US stocks notched a gain in October after two consecutive months of declines, bucking weaker earnings growth, persistent inflation and expectations of more sharp rate rises by the Federal Reserve.
Wall Street’s benchmark S&P 500 climbed 8 per cent during the month, its first monthly increase since July. On Monday the stock index fell 0.7 per cent.
The tech-heavy Nasdaq Composite index rose 3.9 per cent in October, after closing down 1 per cent in Monday’s trading.
Morgan Stanley analysts attributed the recent gains in part to technical reasons, such as a lack of companies that posted weak earnings updating their guidance for the next 12 months. Large passive investors did not sell off shares because consensus estimates for the next four quarters were mostly unchanged.
Market participants are also keeping an eye on policy meetings at the Bank of England and the Fed this week.
The US central bank is forecast to implement its fourth straight 0.75 percentage point rate rise on Wednesday and to signal further increases in an effort to curb rapid price growth even as concerns mount that the country could enter a recession next year.
“While the Fed has hawkishly surprised most investors this year, we’ve now reached a point where both bond and stock markets may be pricing in too much hawkishness,” the Morgan Stanley analysts said in explaining stocks’ recent strength.
The Fed’s preferred inflation metric, the core personal consumption expenditures index, rose 0.5 per cent month on month for September, data on Friday showed. That was in line with economists’ expectations and down from 0.6 per cent in August.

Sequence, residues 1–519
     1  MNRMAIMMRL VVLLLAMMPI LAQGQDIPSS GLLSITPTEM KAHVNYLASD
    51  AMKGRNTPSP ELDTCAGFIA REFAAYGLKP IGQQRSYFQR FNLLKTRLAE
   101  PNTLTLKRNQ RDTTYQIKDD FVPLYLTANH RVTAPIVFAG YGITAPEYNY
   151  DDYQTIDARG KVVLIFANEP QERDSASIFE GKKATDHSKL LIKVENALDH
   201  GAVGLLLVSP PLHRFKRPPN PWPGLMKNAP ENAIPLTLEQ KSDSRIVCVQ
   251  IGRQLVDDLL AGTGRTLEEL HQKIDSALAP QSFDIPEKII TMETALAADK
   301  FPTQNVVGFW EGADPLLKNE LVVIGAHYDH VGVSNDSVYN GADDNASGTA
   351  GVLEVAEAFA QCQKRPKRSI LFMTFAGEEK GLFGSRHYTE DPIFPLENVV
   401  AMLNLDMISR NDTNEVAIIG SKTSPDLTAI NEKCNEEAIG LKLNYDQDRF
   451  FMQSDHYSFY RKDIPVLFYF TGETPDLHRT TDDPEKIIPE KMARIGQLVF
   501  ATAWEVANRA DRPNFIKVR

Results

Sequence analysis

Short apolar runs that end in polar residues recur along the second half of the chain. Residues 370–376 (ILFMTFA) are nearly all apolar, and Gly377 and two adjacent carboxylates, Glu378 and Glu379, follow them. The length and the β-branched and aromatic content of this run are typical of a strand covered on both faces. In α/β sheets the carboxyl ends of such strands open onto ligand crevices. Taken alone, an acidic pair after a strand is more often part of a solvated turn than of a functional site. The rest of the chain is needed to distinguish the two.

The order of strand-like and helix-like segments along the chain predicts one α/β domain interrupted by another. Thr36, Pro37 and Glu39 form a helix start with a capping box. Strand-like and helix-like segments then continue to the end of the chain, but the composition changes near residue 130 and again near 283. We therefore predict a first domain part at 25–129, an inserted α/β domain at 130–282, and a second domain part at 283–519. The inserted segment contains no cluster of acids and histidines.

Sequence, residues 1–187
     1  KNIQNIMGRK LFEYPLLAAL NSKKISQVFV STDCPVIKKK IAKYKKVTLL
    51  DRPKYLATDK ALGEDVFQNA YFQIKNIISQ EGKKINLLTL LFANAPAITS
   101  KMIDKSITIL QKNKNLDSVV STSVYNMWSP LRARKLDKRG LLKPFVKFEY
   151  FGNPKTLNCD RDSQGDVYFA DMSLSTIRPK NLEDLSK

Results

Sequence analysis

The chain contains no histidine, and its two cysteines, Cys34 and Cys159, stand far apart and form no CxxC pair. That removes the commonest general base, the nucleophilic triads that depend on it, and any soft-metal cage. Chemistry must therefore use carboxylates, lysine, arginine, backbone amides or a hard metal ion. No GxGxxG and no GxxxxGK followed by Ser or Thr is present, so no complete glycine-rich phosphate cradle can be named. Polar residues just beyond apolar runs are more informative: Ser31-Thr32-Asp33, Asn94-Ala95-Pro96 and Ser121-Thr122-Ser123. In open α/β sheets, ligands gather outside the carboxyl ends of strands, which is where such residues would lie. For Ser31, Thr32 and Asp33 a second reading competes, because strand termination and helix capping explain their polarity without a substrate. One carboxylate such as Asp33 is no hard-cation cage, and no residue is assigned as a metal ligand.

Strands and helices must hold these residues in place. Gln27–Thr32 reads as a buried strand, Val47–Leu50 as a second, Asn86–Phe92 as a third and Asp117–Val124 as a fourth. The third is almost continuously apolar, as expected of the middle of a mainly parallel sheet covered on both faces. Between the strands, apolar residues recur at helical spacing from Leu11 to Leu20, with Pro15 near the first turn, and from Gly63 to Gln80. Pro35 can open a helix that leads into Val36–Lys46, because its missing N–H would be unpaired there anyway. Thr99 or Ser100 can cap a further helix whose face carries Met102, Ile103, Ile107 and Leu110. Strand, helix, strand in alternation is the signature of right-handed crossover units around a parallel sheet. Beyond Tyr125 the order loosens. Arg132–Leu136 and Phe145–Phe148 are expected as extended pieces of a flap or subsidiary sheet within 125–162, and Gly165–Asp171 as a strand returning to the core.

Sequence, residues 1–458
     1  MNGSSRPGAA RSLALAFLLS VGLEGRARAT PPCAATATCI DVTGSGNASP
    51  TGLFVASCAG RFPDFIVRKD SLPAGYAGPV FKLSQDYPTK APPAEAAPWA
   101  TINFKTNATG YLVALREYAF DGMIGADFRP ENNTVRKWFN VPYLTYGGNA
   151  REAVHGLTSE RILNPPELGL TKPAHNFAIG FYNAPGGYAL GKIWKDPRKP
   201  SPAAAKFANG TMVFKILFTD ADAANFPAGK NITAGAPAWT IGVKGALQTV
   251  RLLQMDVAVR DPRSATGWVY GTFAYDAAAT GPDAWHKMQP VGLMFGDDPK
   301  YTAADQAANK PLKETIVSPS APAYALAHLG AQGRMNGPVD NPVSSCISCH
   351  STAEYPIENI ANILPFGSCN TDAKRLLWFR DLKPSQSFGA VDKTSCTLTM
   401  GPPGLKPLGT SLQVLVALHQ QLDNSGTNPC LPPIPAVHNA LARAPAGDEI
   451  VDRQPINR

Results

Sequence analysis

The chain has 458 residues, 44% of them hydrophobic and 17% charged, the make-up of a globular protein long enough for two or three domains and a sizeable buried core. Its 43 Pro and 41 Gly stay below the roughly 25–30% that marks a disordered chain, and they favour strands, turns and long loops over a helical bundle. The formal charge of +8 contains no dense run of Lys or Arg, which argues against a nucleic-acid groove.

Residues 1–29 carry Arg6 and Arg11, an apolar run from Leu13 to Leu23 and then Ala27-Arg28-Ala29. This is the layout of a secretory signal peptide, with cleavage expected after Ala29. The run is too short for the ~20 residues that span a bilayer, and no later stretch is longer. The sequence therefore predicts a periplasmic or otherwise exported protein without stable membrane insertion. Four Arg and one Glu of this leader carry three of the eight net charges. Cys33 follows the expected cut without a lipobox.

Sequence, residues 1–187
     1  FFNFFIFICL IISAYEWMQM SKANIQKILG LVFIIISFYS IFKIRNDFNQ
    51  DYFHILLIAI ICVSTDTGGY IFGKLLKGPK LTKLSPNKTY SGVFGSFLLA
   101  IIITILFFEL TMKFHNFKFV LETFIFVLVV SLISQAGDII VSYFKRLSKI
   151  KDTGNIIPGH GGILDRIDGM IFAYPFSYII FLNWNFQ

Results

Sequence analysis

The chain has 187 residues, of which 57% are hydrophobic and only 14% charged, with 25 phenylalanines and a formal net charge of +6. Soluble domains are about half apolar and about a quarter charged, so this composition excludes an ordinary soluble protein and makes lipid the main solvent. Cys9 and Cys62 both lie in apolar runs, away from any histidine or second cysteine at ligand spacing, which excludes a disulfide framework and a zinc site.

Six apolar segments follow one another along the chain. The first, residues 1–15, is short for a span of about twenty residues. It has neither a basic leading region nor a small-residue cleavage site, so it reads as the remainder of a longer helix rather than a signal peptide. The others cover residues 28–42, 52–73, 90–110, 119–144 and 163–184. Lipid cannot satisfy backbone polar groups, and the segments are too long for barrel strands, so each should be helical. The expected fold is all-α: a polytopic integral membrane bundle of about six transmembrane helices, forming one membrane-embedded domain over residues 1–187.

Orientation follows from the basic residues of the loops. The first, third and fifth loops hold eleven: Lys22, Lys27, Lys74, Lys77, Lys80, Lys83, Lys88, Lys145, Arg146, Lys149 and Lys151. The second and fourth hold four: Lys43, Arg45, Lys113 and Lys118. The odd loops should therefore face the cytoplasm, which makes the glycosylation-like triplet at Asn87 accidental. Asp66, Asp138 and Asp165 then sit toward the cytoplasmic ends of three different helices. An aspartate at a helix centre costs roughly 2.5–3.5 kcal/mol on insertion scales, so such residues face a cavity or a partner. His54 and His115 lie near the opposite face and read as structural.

Mark Haefele, chief investment officer at UBS Global Wealth Management, said the latest inflation figures meant it was “too early” for the Fed to follow the Bank of Canada or the European Central Bank in issuing “less hawkish signals”.
Investors have also been watching corporate earnings season for any signs of strain from high inflation and rising borrowing costs.
Companies listed on the S&P 500 have so far reported year-on-year earnings growth of 2.2 per cent for the third quarter, according to FactSet data, which took into account groups that have reported and estimates for those that have not. That would mark the lowest rate of profit expansion since the third quarter of 2020.
Tech companies including Amazon, Facebook owner Meta and Google parent Alphabet have disappointed investors in recent days with their third-quarter results and guidance.
The energy sector is reporting earnings growth of 134 per cent, however. Companies including Pfizer, Airbnb and Uber report on Tuesday.
In government bond markets, the yield on the 10-year US Treasury note added 0.04 percentage points to 4.05 per cent as its price fell. The yield on 10-year German Bunds gained 0.05 percentage points to 2.15 per cent.
Consumer price inflation in the eurozone rose to a record 10.7 per cent in October, higher than the 10.2 per cent predicted by economists polled by Reuters and up from 9.9 per cent in September. Gross domestic product rose 0.2 per cent in the euro area in the third quarter from the previous three-month period, figures from Eurostat show.
Agnès Belaisch, managing director and chief European strategist at the Barings Investment Institute, said a period of stagflation — low growth coupled with relatively high inflation — remained her base-case scenario for Europe, despite the better than expected GDP figures.
In equity markets, the regional Stoxx Europe 600 added 0.4 per cent. London’s FTSE 100 gained 0.7 per cent, erasing an earlier loss.
In Asia, Japan’s Topix gained 1.6 per cent and South Korea’s Kospi added 1.1 per cent. Hong Kong’s Hang Seng index fell 1.2 per cent, while China’s CSI 300 lost 0.9 per cent.
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